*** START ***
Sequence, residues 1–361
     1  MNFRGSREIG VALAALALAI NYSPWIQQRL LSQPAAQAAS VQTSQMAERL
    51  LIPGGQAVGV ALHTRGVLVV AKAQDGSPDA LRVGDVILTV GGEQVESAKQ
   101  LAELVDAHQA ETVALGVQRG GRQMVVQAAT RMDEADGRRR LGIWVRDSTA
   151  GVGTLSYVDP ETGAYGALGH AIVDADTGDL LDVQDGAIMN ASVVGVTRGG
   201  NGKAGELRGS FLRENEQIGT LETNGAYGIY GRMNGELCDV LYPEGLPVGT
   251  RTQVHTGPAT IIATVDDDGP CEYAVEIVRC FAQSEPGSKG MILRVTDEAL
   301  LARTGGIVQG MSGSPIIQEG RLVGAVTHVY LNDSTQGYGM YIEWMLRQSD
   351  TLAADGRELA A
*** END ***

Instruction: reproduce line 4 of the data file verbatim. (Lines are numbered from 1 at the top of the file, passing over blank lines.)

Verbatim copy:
   101  LAELVDAHQA ETVALGVQRG GRQMVVQAAT RMDEADGRRR LGIWVRDSTA